Medicines prescribed for asthma, discontinuation and perinat
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Asthma medication prescription before or during pregnancy was associated with a higher prevalence of premature birth and lower birth weight among infants, particularly if medication was discontinued during pregnancy, researchers reported.

A study was conducted to explore associations between exposures to medicines prescribed for asthma and their discontinuation in pregnancy and preterm birth [less than 37 or less than 32 weeks], SGA [less than 10th and less than 3rd centiles], and breastfeeding at 6–8 weeks.

Odds ratios for adverse pregnancy outcomes were calculated for the exposed versus the unexposed population, adjusted for smoking, parity, age and socio-economic status. The population-based cohort study included 110,727 individuals born from 2000 to 2010 in Wales with data on premature birth, small gestational age and breastfeeding.

The primary outcomes were premature birth (premature, less than 37 completed week's gestation; very premature, less than 32 completed week's gestation), growth centiles for infants below the 10th and third percentiles defined from WHO standards, and breastfeeding routinely recorded by health visitors at birth and 6 to 8 weeks.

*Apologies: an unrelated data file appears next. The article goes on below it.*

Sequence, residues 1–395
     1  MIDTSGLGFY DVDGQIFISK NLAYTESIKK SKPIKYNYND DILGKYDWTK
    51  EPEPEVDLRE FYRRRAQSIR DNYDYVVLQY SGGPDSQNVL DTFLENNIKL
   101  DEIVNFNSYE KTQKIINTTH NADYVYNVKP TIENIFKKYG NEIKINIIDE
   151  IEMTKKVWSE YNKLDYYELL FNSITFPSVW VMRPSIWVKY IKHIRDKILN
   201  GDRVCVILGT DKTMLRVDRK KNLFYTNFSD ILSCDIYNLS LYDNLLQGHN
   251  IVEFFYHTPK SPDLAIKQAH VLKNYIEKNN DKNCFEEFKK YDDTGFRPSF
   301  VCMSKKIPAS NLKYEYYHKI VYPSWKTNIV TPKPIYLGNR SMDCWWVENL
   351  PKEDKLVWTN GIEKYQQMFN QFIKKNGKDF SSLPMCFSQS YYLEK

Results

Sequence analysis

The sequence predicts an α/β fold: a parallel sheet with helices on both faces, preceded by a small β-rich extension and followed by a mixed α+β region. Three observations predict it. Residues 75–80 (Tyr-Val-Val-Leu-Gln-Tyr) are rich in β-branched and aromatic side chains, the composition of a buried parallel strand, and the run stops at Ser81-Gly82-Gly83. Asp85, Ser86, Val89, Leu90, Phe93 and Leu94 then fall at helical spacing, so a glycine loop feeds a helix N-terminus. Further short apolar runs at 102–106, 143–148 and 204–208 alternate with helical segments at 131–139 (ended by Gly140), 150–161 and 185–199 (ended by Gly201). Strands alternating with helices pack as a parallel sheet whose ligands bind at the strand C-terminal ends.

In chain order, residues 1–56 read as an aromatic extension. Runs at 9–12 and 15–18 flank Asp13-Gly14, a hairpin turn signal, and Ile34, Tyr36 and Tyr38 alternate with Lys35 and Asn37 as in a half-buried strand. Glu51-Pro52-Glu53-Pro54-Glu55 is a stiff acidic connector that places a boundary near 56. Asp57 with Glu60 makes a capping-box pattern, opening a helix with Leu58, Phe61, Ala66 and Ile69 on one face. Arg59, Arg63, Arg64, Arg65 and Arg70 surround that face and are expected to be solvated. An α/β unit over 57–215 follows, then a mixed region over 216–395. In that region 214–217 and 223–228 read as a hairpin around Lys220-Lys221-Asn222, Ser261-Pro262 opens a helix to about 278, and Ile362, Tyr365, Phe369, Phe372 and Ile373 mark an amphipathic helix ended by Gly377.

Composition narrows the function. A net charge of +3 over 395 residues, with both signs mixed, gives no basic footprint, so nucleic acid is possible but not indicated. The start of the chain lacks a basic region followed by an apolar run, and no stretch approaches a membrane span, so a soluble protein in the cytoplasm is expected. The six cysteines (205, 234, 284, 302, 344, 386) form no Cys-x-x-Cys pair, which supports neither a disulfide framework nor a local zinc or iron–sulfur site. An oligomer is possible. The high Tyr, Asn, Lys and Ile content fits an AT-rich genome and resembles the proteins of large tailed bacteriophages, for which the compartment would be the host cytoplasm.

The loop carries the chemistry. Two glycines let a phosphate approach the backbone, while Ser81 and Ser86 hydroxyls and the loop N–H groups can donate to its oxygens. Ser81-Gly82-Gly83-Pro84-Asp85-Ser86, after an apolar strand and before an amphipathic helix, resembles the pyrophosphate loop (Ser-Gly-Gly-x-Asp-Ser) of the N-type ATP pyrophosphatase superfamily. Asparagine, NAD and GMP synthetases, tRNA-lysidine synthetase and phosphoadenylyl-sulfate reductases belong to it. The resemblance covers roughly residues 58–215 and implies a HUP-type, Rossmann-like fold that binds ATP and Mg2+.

Asthma medication prescriptions were associated with premature birth at less than 32 week's gestation (adjusted OR = 1.33), small gestational age less than 10th centile (aOR = 1.1) and no breastfeeding (aOR = 0.93) whether continued or discontinued during pregnancy. Asthma medication prescription discontinuation was associated with birth at less than 37 week's gestation (aOR = 1.22) and less than 32 week's gestation (aOR = 1.53), according to the results.

Researchers observed an association with small gestational age less than the 10th percentile with all asthma medications, except inhaled corticosteroids and short-acting beta agonists prescribed alone.

Reduced risks with inhaled corticosteroids suggest that increased monitoring, targeted support and active asthma management are needed before, during and after pregnancy. Programming primary care electronic records to alert professionals to contact women who leave greater than 4 months between prescriptions for asthma medications might make this feasible.

Conclusively, prescription of asthma medicines before or during pregnancy was associated with higher prevalence of adverse perinatal outcomes, particularly if prescriptions were discontinued during pregnancy.